The development team at Kaos indicated the multiplayer design goal for Homefront is to incorporate large scale intense battles, on the fly strategic choices, and an evolving battlefield. The intense battles involve ground, air, and vehicular combat. The on the fly choices primarily involve the Battle Point system which the team at Koas tells us is not an Experience Point system. The evolving battlefield is the result of combat which continually shifts.

Homefront is a modern military shooter so many will be inclined to compare it to Call of Duty’s Modern Warfare 2 multiplayer modes. This is not bad thing, as let’s face it, Modern Warfare took online gaming to the next level. The game will have dedicated servers so handling the mentioned 32 player matches that Kaos mentiioned is do-able and should occur without a hitch. There will also be a fully featured experience and unlock system, which more details will be revealed at a later date.

The multiplayer games we played were pre-alpha, so in other words it was a little rough around the edges and by no means were we playing the final version of the game. In fact, the games we played had a few bugs and were not as visually sharp as the development team wanted the game to be; however, the team tells us they will be working hard over the next 4-5 months to polish this all up. Despite this, the version we played was impressive indeed and the core gameplay elements from the multiplayer arena were enjoyable.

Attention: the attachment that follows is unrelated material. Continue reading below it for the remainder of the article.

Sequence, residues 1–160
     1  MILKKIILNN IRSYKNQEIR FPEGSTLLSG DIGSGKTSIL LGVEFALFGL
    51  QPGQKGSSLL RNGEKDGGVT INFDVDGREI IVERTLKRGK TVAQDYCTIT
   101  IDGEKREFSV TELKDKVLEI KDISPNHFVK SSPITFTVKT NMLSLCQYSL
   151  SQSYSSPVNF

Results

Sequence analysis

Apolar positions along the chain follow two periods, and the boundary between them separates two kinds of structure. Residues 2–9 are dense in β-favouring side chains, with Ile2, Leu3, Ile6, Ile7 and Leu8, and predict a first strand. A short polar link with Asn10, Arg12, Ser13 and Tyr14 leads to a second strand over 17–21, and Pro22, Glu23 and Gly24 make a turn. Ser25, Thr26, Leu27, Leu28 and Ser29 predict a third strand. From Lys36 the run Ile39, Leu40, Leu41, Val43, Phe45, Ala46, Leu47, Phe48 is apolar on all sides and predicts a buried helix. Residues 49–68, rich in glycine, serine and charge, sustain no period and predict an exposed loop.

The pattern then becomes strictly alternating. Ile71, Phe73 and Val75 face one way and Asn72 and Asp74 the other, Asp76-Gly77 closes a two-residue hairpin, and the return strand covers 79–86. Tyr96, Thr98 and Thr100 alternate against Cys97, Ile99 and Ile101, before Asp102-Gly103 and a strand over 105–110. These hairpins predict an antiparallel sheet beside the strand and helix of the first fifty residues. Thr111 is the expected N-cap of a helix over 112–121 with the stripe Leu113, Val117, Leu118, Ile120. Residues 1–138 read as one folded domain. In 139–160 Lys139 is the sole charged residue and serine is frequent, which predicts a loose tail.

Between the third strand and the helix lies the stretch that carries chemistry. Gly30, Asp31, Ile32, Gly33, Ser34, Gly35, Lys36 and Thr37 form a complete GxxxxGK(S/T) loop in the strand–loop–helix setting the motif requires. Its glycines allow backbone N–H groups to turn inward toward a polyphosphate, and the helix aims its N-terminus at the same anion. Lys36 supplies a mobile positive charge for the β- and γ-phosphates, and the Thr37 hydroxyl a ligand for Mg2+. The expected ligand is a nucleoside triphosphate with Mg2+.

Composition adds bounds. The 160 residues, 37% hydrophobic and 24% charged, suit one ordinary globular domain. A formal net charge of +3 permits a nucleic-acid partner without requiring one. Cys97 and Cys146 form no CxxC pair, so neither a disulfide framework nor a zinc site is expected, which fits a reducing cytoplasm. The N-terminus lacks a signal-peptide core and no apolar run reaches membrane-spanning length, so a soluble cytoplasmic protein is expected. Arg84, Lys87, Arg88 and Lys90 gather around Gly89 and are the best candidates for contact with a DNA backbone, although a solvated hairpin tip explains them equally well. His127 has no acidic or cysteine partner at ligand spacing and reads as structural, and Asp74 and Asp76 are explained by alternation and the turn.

The in-game weapons and vehicles on display for the hands-on multiplayer preview were impressive. We did not have access to all weapons and vehicles but we had a nice sample nonetheless. For instance, the game features a Maars Drone, Modified Apache Helicopter, Type 99mbt Tank, Air Recon Drone, and Humvee. Granted, there many variations of each of these vehicles and choppers, but you get the picture as the vehicles create an intense and relentless battle field.

What makes Homefront’s multiplayer experience stand-out compared to your traditional online shooter experience is the Battle Point (BP) system. BP is in essence your in-game currency. You can either spend or save your BP. You can purchase simple recon drones, where you tag your enemies to make it easier for your teammates to target them; or, you can save up and purchase a large airstrike provided you have accumulated enough BP in the game. Either way, matches can escalate in intensity and some large scale epic battles are inevitable. Purchasing on the fly immediately impacts the game. You can even re-spawn into the gunner position in an Apache Helicopter. Bottomline, there are many rewards besides just killing the enemy; however, the quickest way to collect BP is killing the enemy, which by the way, gets you approximately 100 BP a kill.

To give you an idea of some of the value of each item, a typical Air Assault drone will cost you 300 BP, but an Attack Heli will cost you 1400 BP. Even a casual online gamer like myself was able to do enough to acquire an Attack Heli and do some damage. So rookies to experienced shooters should be able to effectively compete in some of the online games in Homefront.